little rounded. The nose is most often black however, blue or liver still do sometimes
occur, but is considered a fault and can not be shown. The teeth meet in a strong scissors
bite. The dark eyes are almond-shaped, and never protruding. The ears are wide at the
base, pointed, upright, and turned forward. The ears of puppies under six months may
droop slightly. The bushy tail reaches almost to its hocks and hangs down when the dog
is at rest. The front legs and shoulders are muscular and the thighs are thick and sturdy.
The round feet have very hard soles. There are three varieties of the German Shepherd:
rough-coated, long rough-coated, and the long-haired. The coat most often comes in
black with tan, sable or all black, but also can come in blue, liver and white, but those
colors are considered a fault according to most standards. White is not an acceptable
color for the German Shepherd, however they are now being recognized as a separate
breed, called the American White Shepherd. A piebald color has also occured in a single
GSD bloodline which are now being called Panda Shepherds. A Panda is 35% white, the
remainder of color is black and tan, and has no white German Shepherds in its ancestry.

Omega Shepherds Julie Anderseon Forequarters
The shoulder blades are long and obliquely angled, laid on flat and not placed forward.
The upper arm joins the shoulder blade at about a right angle. Both the upper arm and the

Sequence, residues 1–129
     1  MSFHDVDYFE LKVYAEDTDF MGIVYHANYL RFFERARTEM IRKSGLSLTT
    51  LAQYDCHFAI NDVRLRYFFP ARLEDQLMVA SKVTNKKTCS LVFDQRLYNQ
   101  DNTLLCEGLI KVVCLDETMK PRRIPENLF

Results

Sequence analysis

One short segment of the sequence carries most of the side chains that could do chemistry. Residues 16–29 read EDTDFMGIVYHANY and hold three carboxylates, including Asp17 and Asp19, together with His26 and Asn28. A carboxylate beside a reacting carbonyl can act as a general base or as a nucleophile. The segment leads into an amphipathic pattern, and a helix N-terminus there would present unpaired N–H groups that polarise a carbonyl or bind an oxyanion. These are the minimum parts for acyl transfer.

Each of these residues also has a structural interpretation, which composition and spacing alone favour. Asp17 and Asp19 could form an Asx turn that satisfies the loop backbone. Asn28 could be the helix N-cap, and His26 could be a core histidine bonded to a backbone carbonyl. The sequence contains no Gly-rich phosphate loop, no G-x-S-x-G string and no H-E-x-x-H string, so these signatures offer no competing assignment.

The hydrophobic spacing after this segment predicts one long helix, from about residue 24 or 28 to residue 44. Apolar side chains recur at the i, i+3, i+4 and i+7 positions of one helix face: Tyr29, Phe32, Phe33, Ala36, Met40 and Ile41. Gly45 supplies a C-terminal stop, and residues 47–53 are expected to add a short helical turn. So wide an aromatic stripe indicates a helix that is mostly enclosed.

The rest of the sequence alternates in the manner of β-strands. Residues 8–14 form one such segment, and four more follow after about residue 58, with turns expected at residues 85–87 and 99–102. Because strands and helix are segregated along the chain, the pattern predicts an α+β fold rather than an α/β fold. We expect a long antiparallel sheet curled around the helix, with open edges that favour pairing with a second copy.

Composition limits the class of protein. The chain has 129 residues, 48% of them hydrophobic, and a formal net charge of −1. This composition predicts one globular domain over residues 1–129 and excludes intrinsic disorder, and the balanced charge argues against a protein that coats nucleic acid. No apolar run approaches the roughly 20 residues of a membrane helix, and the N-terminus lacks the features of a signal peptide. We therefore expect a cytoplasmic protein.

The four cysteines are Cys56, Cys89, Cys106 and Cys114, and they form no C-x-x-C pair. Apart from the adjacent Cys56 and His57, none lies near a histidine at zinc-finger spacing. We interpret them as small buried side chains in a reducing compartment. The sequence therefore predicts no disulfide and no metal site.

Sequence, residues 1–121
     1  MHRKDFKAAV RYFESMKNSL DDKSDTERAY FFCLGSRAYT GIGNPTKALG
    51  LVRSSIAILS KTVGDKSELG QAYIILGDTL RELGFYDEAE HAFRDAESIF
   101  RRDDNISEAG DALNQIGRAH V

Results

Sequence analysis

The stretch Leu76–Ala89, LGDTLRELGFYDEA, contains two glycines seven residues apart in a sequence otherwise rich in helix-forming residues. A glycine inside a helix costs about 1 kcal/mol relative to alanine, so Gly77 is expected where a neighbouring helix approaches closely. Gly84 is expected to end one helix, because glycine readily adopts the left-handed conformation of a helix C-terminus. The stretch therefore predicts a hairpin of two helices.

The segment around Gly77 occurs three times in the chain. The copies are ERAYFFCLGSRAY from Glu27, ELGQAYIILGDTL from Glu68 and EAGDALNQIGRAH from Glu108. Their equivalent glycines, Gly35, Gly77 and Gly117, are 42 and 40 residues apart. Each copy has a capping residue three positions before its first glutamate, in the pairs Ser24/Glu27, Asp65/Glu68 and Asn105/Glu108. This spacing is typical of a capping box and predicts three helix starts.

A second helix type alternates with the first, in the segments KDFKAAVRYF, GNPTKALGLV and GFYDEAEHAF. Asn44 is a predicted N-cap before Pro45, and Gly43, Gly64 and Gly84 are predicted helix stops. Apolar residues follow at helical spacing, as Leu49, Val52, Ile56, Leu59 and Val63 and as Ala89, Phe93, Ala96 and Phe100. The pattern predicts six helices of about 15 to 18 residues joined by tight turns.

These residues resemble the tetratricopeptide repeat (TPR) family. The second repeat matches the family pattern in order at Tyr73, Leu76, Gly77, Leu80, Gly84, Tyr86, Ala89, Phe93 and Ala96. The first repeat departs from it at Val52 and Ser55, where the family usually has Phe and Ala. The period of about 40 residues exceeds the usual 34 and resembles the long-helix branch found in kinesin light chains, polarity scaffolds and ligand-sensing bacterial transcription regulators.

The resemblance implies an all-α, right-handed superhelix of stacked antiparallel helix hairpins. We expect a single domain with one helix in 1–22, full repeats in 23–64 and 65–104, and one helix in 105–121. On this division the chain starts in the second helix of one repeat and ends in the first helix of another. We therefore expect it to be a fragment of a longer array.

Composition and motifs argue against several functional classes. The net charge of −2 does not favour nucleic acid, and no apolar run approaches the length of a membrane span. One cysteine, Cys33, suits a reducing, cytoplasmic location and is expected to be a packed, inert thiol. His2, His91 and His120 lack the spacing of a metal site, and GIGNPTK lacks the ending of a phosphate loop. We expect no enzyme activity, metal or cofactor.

shoulder blade are well muscled. The forelegs, viewed from all sides, are straight and the
bone oval rather than round. The pasterns are strong and springy and angulated at
approximately a 25-degree angle from the vertical. Dewclaws on the forelegs may be
removed, but are normally left on. The feet are short, compact with toes well arched, pads
thick and firm, nails short and dark.

Hindquarters
The whole assembly of the thigh, viewed from the side, is broad, with both upper and
lower thigh well muscled, forming as nearly as possible a right angle. The upper thigh
bone parallels the shoulder blade while the lower thigh bone parallels the upper arm. The
metatarsus (the unit between the hock joint and the foot) is short, strong and tightly
articulated. The dewclaws, if any, should be removed from the hind legs. Feet as in front.

The Panda Shepherd Dog is a piebald German Shepherd which has occured in a single
GSD bloodline. It is 35% white, the remainder of color is black and tan. It is a
spontaneous mutation and has no White German Shepherds in its ancestry. The parents
who produced the black/tan/white female puppy were a purebred black German Shepherd
dam and a purebred black and tan German Shepherd sire. The rest of the litter were
standard looking black and tan German Shepherd pups. The sole black/tan/white puppy
also had two blue eyes. In order to protect the image of her breeding program the
founding breeder, Ms. Cindy took the piebald puppy to Ohio State University Veterinary
Hospital for genetic DNA testing to find out the exact cause of the anomaly. The parents
of the pups were confirmed as purebred GSD's with no White GSD's or other breeds in
their lines. This was a purebred GSD who was born with piebald coloring. The same sire
and dam who produced the piebald puppy were bred three more times and all the pups
were born with the traditional black and tan coloring. A lot of canine genetic coat color
testing was done on the piebald puppy who was named Frankie. When Frankie matured
she was bred to a traditional colored black and tan GSD. Out of the four puppies born
three turned out to have black/tan/white coats but lacked the blue eyes, while the fourth
puppy was the traditional black and tan coloring. The black/tan/white German Shepherd
dogs were given the name Panda Shepherds.